This year, for the first time, I agreed to join friends for their Black Friday shopping excursion. I just got an apartment in Baltimore and figured that the Wal-Mart horror stories would be worth getting a few essentials for half price. I was wrong.
The parking lot was so full that people used the lawn next door. We decided not to maneuver through traffic and slowly rolled our little Mazda into the grass. We shuffled into the store, which looked suspiciously calm outside. As soon as the sliding doors opened, we felt the briskness of November give way to warm, dense air that was due to the thousands of humans packed inside. The sounds of people sighing, carts colliding, laughter, and arguments were louder than the Christmas music blaring through the speakers. We found exactly one cart at the entrance, grabbed it, and moved through the initial crowd with reckless abandon. There was nasty language exchanged as we accidentally bounced the corner of our cart against bellies and bumped into huge televisions.
After a few minutes I got the hang of it. When a woman made a scene of my cart being in the middle of the aisle, I let her call me a dumbass and then sincerely apologized. I said, “Excuse me” a lot, and used all the manners my mother and kindergarten teacher taught me and killed those fanatic shoppers with kindness. Did I miss out on any of the sales? No. I got my set of kitchenware for 50 percent off before it sold out, and I never had to body-slam anyone to get it.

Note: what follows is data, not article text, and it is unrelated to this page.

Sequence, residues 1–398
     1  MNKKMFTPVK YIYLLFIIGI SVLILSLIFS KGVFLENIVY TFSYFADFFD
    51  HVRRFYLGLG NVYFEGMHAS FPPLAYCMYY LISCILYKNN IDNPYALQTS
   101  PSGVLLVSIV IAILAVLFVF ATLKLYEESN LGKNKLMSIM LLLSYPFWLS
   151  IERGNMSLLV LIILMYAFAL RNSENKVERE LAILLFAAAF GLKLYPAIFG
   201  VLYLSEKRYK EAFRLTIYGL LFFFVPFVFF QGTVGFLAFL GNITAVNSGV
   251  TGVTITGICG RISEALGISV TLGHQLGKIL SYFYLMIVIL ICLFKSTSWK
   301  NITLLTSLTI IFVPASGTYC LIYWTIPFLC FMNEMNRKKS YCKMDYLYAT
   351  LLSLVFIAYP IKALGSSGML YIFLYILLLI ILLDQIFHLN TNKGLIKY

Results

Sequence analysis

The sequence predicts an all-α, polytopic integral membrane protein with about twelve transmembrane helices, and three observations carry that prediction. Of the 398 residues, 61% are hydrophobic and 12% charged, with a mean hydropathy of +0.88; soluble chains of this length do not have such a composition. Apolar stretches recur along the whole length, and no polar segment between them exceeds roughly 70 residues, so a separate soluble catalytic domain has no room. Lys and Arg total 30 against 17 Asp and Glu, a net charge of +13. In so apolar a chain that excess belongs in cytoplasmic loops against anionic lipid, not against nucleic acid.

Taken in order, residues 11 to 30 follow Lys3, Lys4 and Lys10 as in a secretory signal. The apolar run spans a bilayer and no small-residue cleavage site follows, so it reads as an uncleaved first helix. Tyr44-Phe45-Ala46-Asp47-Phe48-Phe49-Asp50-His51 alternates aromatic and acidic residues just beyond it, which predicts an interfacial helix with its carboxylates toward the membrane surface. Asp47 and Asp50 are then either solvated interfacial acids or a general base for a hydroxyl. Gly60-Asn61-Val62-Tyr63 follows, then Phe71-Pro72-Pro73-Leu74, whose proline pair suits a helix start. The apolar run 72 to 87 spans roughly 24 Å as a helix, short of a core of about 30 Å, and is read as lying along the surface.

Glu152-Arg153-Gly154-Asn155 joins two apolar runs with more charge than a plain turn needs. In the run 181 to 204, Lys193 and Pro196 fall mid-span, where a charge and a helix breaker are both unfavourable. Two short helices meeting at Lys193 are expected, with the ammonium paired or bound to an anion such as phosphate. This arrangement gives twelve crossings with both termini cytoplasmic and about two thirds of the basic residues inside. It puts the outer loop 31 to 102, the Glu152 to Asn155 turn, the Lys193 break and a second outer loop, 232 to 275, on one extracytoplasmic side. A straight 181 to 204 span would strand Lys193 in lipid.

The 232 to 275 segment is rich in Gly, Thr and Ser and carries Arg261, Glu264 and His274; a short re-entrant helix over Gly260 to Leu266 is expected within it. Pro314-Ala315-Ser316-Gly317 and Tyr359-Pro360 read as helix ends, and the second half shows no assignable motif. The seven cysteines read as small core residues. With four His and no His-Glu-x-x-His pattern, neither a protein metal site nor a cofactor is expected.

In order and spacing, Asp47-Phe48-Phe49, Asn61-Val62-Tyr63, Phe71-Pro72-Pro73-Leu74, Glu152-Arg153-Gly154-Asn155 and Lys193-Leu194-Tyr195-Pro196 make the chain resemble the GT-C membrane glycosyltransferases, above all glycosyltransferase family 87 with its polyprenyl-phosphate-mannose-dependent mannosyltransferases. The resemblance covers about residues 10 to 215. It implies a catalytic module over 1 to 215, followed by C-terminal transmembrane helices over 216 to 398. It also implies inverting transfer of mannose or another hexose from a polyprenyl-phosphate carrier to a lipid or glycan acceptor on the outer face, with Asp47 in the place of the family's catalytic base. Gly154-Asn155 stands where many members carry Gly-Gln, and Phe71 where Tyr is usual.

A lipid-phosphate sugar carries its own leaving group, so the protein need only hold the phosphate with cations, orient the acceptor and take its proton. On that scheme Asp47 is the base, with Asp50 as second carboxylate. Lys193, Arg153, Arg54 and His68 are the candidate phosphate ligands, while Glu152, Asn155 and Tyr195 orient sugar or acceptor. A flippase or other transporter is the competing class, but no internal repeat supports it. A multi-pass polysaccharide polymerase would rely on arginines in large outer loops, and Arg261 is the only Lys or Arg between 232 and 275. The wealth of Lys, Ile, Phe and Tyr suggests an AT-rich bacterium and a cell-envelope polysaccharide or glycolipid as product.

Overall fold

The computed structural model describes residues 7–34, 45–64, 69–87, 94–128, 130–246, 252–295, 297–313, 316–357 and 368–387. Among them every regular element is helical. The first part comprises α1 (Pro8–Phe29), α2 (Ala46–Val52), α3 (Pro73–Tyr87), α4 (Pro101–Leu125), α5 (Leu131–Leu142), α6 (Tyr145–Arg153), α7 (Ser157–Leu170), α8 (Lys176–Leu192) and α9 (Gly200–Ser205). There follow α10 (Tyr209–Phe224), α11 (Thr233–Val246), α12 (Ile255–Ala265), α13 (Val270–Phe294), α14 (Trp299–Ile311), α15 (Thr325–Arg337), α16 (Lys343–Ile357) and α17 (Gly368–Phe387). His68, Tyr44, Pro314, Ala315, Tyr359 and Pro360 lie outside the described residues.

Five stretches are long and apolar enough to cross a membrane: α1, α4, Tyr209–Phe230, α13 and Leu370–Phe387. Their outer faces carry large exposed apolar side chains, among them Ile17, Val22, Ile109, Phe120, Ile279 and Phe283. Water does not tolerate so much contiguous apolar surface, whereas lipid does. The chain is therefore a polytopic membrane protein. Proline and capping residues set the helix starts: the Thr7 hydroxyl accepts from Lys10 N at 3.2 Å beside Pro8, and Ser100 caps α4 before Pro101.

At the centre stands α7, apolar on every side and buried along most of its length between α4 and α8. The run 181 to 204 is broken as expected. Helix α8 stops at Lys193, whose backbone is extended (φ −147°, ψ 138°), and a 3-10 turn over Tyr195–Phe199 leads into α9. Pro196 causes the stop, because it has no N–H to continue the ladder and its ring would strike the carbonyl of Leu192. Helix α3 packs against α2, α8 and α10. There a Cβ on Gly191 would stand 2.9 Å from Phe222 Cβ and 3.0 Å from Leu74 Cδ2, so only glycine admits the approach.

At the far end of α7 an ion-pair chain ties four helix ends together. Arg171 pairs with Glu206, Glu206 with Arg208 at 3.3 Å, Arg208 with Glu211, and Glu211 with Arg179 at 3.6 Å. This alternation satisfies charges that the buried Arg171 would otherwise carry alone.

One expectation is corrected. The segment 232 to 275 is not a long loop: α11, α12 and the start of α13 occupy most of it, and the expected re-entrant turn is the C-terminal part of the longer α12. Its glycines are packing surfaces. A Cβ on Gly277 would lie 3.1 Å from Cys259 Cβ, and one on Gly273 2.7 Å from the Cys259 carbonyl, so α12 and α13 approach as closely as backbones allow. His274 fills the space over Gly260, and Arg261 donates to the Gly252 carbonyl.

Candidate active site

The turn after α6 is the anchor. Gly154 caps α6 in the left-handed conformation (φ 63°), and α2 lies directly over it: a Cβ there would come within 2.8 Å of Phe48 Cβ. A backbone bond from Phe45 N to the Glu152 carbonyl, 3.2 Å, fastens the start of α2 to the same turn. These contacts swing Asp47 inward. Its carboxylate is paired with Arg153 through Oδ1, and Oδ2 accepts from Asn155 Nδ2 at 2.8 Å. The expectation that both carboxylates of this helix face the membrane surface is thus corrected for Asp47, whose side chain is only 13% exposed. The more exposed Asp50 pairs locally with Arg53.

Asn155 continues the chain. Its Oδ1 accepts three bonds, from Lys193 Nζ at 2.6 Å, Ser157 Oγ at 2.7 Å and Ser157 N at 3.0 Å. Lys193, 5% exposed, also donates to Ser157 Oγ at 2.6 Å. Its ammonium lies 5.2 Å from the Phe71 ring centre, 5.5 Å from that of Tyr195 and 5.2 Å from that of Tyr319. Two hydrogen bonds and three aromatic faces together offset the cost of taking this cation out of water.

After waiting in line for a while and rushing outside for fresh air, we meticulously forced each of our purchases into the tiny car. I sat with a set of mugs at my feet, my arm around a stainless steel trashcan, and a basketball immediately behind my head. We were buzzing the whole way home from the excitement that ensued that night at Denton’s Super Wal-Mart, and slept well.
I’m not sure if I’ll do Black Friday again, but with the holiday season in full gear it reminded me of an important lesson. There’s no sense in badmouthing someone who accidentally runs over your foot with a cart or lunges for the same Rachael Ray cookware as you. It’s much easier to laugh and forget about it.
—Follow Sarah Grace McCarthy on Twitter: @birdy_grace